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What special features does "Crossing the Bar" by Alfred Lord Tennyson have?

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mdpredmen | Student, Grade 10 | eNotes Newbie

Posted December 14, 2010 at 4:17 AM via web

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What special features does "Crossing the Bar" by Alfred Lord Tennyson have?

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neneta | High School Teacher | Valedictorian

Posted December 26, 2010 at 2:24 AM (Answer #1)

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Crossing the Bar means navigating a difficult spot. However, as soon as we start to become familiar with the word choice, we find the title of the poem a metaphor for life’s journey. In order to understand the poem, I shall try to analyse its figurative language:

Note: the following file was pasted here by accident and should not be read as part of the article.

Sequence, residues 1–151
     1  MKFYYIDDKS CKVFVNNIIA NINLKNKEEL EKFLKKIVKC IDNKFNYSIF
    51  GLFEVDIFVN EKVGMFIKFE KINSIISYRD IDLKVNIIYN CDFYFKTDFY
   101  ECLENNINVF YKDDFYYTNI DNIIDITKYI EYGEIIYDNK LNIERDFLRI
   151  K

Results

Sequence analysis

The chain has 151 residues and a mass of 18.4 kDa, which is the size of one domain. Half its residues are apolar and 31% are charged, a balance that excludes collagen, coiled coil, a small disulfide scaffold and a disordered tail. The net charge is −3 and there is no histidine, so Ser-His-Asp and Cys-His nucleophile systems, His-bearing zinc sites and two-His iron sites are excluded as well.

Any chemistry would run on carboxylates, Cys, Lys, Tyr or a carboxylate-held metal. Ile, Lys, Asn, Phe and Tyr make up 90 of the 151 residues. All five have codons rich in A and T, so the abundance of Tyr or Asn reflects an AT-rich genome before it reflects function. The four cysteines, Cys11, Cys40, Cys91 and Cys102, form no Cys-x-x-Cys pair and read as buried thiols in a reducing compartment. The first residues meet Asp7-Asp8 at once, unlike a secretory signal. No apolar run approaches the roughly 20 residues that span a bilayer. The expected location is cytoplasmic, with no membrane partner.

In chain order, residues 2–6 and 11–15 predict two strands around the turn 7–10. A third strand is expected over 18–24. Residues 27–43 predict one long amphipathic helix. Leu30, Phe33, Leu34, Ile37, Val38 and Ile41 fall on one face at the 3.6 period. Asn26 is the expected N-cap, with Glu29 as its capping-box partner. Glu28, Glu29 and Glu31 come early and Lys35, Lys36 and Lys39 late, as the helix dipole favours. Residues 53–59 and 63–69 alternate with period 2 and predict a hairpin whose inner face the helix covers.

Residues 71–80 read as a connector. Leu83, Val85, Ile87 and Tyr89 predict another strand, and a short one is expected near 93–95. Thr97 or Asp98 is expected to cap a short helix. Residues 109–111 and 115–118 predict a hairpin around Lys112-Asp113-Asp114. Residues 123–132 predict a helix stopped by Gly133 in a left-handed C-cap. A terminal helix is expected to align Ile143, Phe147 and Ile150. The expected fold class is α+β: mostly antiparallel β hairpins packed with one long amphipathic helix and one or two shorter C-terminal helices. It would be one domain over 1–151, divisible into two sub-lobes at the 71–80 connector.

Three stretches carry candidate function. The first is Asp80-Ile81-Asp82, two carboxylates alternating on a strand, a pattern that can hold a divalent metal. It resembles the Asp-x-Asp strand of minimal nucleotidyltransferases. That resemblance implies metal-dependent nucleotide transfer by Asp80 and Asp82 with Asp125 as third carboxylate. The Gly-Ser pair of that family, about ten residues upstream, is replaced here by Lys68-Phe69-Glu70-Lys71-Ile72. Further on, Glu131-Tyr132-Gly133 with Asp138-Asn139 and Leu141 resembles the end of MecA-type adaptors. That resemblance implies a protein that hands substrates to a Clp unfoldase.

Tennyson uses many nautical terms such as bar, sea, foam, pilot, bell and flood. Nevertheless, the same terms can also refer to death. An example of this is the “boundless deep” whose meaning is ambiguous because it can refer to death, sleep or the sea.

Next, we should account for the diction or choice of words to be able to identify the passage’s tone. As I said before, Tennyson has used many nautical terms with double meaning. Furthermore, we can also pay attention to the visual imagery as it shows in:

“But such a tide as moving seems asleep,

To full for sound and foam”

As the speaker placidly intends to cross the bar of life, we may say that the tone of the poem is anticipation.

Conclusively, the poem brings about the life voyage we all must take and hoping that we all will find acceptance on crossing the bar of life.

Finally, consider the structure of the poem as being a sixteen line poem divided into four four- line stanzas in regular iambic trimeter with one line of iambic pentameter.The stanzas follow the rhyme scheme abab.

 

 

 

 

 

 

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